Viewpoints: 'Outrageously High Fee' For Emergency Services; Mysterious Rise In Autism Cases

A selection of editorials and opinions on health policy from around the country.

The Los Angeles Times: The Bizarre Calculus Of Emergency Room Charges
(T)he calculus for medical charges in general is beyond comprehension, with outrageously high fees used as a starting point in a bizarre game of bargaining. Glenn Melnick, who teaches hospital finance at USC, told me it's as crazy as if he asked to buy the TV in my living room, and I gave him a price of $1 million to start the conversation. This is the kind of insanity that exists when medicine and medical insurance are about private profit rather than public health, when 50 million people are uninsured, when Medicare and Medicaid reimbursements don't always cover true costs and when polarized politics prevent the kind of reasonable discussions that could lead to solutions (Steve Lopez, 3/31).

The New York Times: The Puzzle Of More Autism Cases
The latest federal survey suggests that more than 1 percent of all children in the country have been identified as having autism or two related disorders by the age of 8, a far higher percentage than found in previous surveys. But no one knows whether the increase shows that the disorders are more common or whether it simply reflects better detection of cases that would previously have been missed. Either way, the survey by the Centers for Disease Control and Prevention suggests that more children and parents may need help in coping with these disorders in their schools and communities (4/1).

The New York Times: Pink Slime Economics
The trouble with the budget devised by Paul Ryan, the chairman of the House Budget Committee, isn’t just its almost inconceivably cruel priorities, the way it slashes taxes for corporations and the rich while drastically cutting food and medical aid to the needy. Even aside from all that, the Ryan budget purports to reduce the deficit — but the alleged deficit reduction depends on the completely unsupported assertion that trillions of dollars in revenue can be found by closing tax loopholes (Paul Krugman, 4/1).

The Wall Street Journal: Ryan Endorses Romney
Mr. Ryan's endorsement is especially notable because it also reflects the policy progress that Mr. Romney has made over the course of the campaign. The former Massachusetts Governor has embraced a modified version of Mr. Ryan's premium-support Medicare reform. ... . More recently, Mr. Romney endorsed Mr. Ryan's House budget, which the presidential candidate could have ducked. No doubt all of this influenced Mr. Ryan's thinking (Paul A. Gigot, 4/1).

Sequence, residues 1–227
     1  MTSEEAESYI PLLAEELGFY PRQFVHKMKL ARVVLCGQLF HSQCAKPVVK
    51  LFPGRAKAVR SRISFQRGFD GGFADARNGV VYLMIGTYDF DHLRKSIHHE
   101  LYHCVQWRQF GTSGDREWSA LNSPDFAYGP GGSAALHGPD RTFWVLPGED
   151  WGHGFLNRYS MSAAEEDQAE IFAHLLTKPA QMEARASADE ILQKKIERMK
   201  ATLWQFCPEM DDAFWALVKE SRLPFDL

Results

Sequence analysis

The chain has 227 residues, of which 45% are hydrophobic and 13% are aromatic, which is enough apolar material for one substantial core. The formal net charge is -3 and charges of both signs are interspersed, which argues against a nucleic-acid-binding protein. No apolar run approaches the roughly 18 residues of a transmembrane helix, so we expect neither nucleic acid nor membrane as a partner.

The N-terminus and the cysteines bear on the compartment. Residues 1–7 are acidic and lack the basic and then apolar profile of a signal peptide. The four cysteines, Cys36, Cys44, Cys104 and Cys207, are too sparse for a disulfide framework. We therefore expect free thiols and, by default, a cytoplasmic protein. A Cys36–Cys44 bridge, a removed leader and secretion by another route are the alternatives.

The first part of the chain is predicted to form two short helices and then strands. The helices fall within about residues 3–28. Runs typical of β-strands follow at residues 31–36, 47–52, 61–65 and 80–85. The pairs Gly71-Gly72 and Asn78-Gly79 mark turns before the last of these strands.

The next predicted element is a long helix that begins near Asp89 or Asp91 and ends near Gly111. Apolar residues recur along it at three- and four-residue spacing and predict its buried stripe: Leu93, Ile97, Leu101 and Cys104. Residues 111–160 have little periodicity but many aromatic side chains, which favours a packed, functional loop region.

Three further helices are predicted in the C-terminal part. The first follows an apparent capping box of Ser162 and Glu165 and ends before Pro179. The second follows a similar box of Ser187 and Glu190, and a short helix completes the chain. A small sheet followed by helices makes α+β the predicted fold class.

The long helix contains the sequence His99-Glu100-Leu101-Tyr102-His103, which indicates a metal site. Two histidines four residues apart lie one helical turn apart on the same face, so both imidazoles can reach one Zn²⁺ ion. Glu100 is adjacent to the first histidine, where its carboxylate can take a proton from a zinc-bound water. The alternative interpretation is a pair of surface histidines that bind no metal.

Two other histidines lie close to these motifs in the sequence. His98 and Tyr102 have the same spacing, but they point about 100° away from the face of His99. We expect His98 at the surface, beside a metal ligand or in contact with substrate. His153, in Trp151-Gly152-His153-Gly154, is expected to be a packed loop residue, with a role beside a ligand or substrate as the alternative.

Chicago Tribune: Deluding Ourselves On Medical 'Cures'
"To promote gastric bypass surgery as a quick fix for diabetes is unconscionable," said Dr. Jane L. Delgado. ... The rush to celebrate a cure du jour to medicine's most intractable problems is a result of people's deep desire for science to come up with some "solution" that will enable them to engage in pleasurable, sometimes destructive behaviors, without fear of unhappy consequences (Esther J. Cepeda, 4/2).

USA Today: Complex Health Choices Require Shared Decisions
Involving patient input in medical decisions is a concept known as shared decision-making. According to the Institute of Medicine, it is a foundation of patient-centered care, where care is "responsive to individual patient preferences, needs and values" (Kevin Pho, 4/1). 

WBUR's Common Health blog: On Being Gay In Medicine: A Leading Harvard Pediatrician's Story
I am currently serving on the new Institute of Medicine Committee on Lesbian, Gay, Bisexual and Transgender Health Issues. The public testimony has been moving. The enthusiasm that people have for the very existence of the committee and the expectations they have for our report have been humbling. Their comments have been a reminder of just how marginalized people still feel, and how alienated they feel from the clinicians whom they depend on in their time of greatest need (Dr. Mark Schuster, 3/30).

This is part of Kaiser Health News' Daily Report - a summary of health policy coverage from more than 300 news organizations. The full summary of the day's news can be found here and you can sign up for e-mail subscriptions to the Daily Report here. In addition, our staff of reporters and correspondents file original stories each day, which you can find on our home page.